In pictures and video: Around 15,000 people attend major rally to demand action to solve Malaga's housing crisis

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Housing crisis

In pictures and video: Around 15,000 people attend major rally to demand action to solve Malaga's housing crisis

Demonstrators criticised mass tourism as they shouted impassioned pleas calling for a resolution to a lack of affordable housing for locals in the city

Antonio M. Romero


Monday, 1 July 2024, 10:43

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More than 15,000 people took to the streets of Malaga city and demanded action against the current housing crisis on Saturday 29 June.

Under the slogan, 'Malaga to live, not to survive', demonstrators protested against the high demand for homes to purchase or rent, the lack of houses available on the market and criticised governments for their inaction. The situation has worsened in recent years, affecting people of different generations and from various socio-economic backgrounds, even resulting in some people deciding to leave the city.

During the protest, dubbed 29J (29 June), people also criticised mass-tourism in the city, with anger directed at city mayor Francisco de la Torre and Junta president Juanma Moreno.

The march exceeded the expectations of the organisers, Malaga Tenants' Union. They started preparing for the protest months ago, which involved neighbourhood meetings and the participation of almost 50 organisations such as Greenpeace, the Professional Association of Social Work in Malaga, the Spanish Commission for Refugee Aid, the Diocesan Delegation of Migration, Doctors of the World and Malaga Acoge. The organisers said in a statement that 29J "had not only been a resounding success, but is already a milestone. The first milestone of a new cycle of neighbourhood and urban struggles to recover the city in which we live and work".

Plaza de la Merced was the starting point of the demonstration, then at the nearby Plaza de María Guerrero, a group of ultra-right-wing activists burst into the march chanting slogans such as "social housing for the nationals", and were booed by demonstrators who shouted: "fascists out of our neighbourhoods".


During the march, one of the most chanted slogans asked where the city mayor was: "Where is Paquito, where is Paquito, where is he? Paquito is selling what is left of the city". Demonstrators also chanted: "Mass tourism, neighbourhoods without neighbours".

There were also numerous banners with slogans referring to the housing situation and the current tourism model: "I want to live, not survive", "Malaga for the neighbours", "I live off tourism, but tourism doesn't let me live", "It's not tourism-phobia, it's Malagaphilia".


The manifesto read out during the protest criticised the current housing situation as "tourist collapse and scavenger renting" and that residents have been replaced by visitors to the city. "We say loud and clear that it's over, that we will not allow them to expel us from the city and continue to exploit us. We are staying. We will not allow the city to be an amusement park emptied of residents, we will not allow shops to be replaced by franchises, pavements by terraces, and rents by eviction letters".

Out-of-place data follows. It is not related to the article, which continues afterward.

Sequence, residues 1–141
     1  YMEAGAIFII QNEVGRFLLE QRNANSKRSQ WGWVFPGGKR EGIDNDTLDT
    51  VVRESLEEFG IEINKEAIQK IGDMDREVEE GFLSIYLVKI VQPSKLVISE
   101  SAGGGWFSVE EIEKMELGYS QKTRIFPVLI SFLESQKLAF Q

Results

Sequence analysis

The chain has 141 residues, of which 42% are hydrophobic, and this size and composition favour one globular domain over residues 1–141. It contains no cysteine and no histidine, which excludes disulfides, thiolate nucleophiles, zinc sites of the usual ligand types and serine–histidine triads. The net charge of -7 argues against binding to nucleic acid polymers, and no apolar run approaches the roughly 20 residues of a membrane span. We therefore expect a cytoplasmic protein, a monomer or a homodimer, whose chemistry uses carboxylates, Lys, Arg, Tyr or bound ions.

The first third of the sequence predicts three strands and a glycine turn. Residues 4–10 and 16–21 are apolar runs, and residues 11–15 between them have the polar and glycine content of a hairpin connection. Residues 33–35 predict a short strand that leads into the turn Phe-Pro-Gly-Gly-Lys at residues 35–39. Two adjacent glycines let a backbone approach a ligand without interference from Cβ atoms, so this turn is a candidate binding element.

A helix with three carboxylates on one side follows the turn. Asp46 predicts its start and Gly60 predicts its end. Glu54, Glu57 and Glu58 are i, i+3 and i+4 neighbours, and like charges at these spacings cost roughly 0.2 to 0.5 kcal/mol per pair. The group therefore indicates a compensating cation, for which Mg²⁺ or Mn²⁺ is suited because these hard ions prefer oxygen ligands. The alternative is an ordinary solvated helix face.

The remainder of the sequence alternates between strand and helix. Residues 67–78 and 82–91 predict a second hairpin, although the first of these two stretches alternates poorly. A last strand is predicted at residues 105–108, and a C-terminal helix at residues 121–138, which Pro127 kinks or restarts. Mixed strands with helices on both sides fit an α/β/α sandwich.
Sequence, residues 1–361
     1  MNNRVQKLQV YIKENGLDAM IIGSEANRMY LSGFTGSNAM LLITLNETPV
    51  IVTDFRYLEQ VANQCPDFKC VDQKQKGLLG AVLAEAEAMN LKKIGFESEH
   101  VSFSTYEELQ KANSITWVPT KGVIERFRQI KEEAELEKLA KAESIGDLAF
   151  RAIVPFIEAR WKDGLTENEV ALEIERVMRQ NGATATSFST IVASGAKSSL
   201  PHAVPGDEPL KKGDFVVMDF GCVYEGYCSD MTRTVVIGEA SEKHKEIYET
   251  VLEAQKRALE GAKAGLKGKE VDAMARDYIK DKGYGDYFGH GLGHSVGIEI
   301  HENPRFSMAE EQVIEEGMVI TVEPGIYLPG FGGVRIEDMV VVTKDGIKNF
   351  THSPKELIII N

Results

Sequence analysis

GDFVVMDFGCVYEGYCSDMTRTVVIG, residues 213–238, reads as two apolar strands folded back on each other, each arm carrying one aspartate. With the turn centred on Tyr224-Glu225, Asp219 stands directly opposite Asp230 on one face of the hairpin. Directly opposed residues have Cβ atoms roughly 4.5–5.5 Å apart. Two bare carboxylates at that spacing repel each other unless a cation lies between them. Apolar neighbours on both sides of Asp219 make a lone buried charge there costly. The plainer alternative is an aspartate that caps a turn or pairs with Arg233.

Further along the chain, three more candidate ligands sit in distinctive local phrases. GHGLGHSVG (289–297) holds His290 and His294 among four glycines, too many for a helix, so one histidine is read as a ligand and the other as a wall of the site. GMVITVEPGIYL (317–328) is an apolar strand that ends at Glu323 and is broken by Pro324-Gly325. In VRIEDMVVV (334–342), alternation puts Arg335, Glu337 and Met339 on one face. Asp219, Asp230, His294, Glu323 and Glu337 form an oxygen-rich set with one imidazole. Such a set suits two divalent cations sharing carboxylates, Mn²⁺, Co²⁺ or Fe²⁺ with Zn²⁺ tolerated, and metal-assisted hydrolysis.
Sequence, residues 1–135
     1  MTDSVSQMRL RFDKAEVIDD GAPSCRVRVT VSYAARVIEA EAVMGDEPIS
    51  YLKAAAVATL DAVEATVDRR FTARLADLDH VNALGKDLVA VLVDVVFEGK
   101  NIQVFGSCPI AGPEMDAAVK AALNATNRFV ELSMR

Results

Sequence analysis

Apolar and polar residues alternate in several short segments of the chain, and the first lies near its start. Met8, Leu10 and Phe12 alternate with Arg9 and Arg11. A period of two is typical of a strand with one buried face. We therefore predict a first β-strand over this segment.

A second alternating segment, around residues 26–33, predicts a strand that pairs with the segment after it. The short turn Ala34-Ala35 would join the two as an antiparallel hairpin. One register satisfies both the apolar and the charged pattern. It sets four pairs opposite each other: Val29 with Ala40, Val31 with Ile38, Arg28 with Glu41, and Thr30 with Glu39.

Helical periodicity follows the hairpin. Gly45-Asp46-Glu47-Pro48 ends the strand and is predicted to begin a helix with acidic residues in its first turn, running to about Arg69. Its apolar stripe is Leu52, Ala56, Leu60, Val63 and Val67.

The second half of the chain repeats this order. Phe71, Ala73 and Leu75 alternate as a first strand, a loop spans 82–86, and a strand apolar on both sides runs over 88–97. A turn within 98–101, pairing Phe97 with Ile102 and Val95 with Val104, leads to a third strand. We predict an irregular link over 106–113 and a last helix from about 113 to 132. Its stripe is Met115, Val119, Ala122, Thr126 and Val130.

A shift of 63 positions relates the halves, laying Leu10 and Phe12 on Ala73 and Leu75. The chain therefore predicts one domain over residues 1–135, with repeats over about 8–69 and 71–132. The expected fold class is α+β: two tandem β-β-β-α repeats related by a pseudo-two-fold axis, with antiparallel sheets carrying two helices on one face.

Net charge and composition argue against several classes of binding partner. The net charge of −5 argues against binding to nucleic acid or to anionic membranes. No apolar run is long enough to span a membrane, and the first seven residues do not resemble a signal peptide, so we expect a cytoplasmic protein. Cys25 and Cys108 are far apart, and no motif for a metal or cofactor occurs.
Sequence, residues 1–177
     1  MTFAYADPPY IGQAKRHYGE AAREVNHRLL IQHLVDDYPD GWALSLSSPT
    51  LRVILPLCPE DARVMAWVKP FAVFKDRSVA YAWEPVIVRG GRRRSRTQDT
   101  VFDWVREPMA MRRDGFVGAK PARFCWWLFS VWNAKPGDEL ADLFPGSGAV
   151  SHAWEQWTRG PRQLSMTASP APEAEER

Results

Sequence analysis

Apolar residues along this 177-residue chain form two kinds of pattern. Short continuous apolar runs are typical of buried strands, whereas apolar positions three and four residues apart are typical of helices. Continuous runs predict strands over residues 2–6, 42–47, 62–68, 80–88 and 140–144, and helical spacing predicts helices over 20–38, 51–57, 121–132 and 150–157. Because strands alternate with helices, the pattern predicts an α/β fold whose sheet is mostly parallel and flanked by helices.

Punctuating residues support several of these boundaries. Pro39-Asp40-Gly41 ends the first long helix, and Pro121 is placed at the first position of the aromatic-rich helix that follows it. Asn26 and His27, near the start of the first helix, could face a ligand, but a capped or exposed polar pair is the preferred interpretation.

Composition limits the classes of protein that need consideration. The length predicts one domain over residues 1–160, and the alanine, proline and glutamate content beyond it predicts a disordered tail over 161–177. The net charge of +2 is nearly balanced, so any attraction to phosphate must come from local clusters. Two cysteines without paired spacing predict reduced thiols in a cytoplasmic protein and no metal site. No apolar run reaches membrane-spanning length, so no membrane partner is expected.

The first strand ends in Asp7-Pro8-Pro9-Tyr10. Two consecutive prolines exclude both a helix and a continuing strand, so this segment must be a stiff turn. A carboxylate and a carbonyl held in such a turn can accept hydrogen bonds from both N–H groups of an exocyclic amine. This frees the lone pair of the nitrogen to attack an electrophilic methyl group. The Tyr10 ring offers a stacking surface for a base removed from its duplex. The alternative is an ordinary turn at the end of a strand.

"We send out a cry to the whole city and a warning to those who govern us: this has only just begun. We will defend to the end the social function of housing, the right to the city and everything that they are trying to take away from us: the city of our neighbours, our neighbourhoods, our homes, our lives," concluded the manifesto.

Along with the public, the march was attended by the national secretary general of Podemos Ione Belarra, her counterpart in Andalucía Martina Velarde and city councillor Nico Sguiglia. Provincial secretary of the Socialists party in Malaga Dani Pérez also attended the protest, as well as regional MPs Isabel Aguilera and Alicia Murillo, national MP Ignacio López; general coordinator of IU and councillor Toni Morillas, his Andalusian counterpart Toni Valero and spokesperson for Adelante Andalucía in Malaga Luis Rodrigo.

Political criticism

Before the protest, Belarra accused Moreno of "acting like a real salesman for the real estate bosses", considering he "works for the big landowners and not for the residents", and called for "forceful" measures to tackle mass-tourism.

"The problem of mass-tourism is a very profound problem that makes housing more expensive, drives up its price, also makes the working conditions of the people who work in this sector very difficult and harms the environment. It generates so many problems that we need strong, courageous measures," he said, while calling for a moratorium on tourist housing and "a drastic reduction in the amount of tourist housing that currently exists.

Dani Pérez claimed "an insensitive mayor" is throwing families out of their homes. "Housing is a right, not a business," he said. "Thousands of people from Malaga have taken to the streets to protest against the housing situation. It is impossible to rent or buy a decent home. Malaga is where the price of renting and buying has risen the most and the situation is unbearable," Paco de la Torre said.

MP Ignacio López said: "Enough of this PP model that expels the people of Malaga from Malaga". Meanwhile, Toni Valero demanded the president of the Junta comply with the housing law, and that he declare densely-populated areas in capitals and large cities to regulate rents and lower the price of housing, and promote the construction of public housing.

Following the protest Morillas said: "Today marks the beginning of a change of direction for the city of Malaga, from today these transformations begin so that we can turn the city model around".

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